I’m adhering to the old Spanish proverb that says: "Take what you want, and pay for it." I’m taking what I want from Rand’s legacy, and paying for it—by assuming responsibility for my own interpretations and applications. Call me a Randian or a post-Randian or a neo-Objectivist or an advocate of Objectivism 2.0, or even the founder of Sciabarra-ism. But don’t call me an Objectivist. I agree with Rand’s core principles. But I have never argued that my own innovations (on subjects like dialectics or homosexuality) are part of "Objectivism" as Rand ... defines it. Yes, I do believe that my own viewpoint is fully consistent with Objectivism. And on the subject of dialectics, for example, I’ve even argued that Rand herself was a dialectician as I’ve defined it. But I would never argue that Rand embraced "dialectics" as such, explicitly and by that name. Ultimately, I believe that I’m carrying on Rand’s legacy in many substantive ways and the burden is on me to prove it.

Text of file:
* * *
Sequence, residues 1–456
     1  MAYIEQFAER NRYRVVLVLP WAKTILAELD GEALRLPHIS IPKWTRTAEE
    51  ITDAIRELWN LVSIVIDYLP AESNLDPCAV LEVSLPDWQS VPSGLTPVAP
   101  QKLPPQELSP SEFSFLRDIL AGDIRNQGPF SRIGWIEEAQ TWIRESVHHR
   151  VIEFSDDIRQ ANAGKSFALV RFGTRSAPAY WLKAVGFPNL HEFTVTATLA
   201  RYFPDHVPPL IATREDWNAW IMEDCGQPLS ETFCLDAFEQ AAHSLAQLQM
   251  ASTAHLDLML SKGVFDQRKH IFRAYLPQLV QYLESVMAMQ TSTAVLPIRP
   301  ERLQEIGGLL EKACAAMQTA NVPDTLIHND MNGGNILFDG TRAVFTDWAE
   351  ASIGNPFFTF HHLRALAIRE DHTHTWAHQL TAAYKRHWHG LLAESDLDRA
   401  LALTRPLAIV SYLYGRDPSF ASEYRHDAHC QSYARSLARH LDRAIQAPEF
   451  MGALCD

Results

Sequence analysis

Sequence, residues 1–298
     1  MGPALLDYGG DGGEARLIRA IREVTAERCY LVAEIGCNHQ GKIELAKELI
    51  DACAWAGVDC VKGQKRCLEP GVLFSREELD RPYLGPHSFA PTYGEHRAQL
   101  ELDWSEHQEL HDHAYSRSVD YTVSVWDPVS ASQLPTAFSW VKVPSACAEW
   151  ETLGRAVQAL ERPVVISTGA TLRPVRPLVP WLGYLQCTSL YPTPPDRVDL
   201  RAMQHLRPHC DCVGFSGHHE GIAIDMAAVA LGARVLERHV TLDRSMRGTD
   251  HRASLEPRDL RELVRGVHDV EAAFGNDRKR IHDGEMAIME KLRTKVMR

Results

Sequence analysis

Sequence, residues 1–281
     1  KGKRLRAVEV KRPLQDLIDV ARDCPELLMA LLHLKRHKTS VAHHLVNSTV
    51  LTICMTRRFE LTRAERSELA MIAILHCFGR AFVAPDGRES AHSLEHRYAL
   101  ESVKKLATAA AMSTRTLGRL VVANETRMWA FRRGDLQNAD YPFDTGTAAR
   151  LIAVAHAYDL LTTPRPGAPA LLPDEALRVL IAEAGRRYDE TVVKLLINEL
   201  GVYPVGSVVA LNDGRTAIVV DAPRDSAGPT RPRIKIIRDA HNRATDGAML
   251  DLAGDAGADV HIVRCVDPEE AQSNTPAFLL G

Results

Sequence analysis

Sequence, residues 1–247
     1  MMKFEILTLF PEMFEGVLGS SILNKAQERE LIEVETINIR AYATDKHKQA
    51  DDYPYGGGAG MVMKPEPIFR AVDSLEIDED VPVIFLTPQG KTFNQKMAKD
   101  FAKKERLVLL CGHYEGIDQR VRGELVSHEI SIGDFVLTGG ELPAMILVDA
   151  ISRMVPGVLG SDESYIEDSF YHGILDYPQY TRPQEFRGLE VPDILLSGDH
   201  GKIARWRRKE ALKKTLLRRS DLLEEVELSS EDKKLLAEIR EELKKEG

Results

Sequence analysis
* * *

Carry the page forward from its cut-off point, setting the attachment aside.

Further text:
What I’ve stated here is fairly straightforward and self-evident, for this is all in the nature of intellectual development. An innovator puts forth a doctrine. Over time, that doctrine is adapted, interpreted, and applied to various issues and experiences of which the innovator never could have dreamed. Some of the approaches will resonate with us; others won’t.




And this is precisely what I've done with Hayek, Mises, and Rothbard as well.

Yours,
EFT

(Edited by sciabarra on 2/19, 7:54am)




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Saturday, February 19, 2005 - 7:51amSanction this postReply
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Chris says: But where you and I differ on Hayek is where you and I differ on most things:  I approach Hayek with a scalpel, separating out that which I find indefensible, but still preserving that which I think valuable. 

Chris,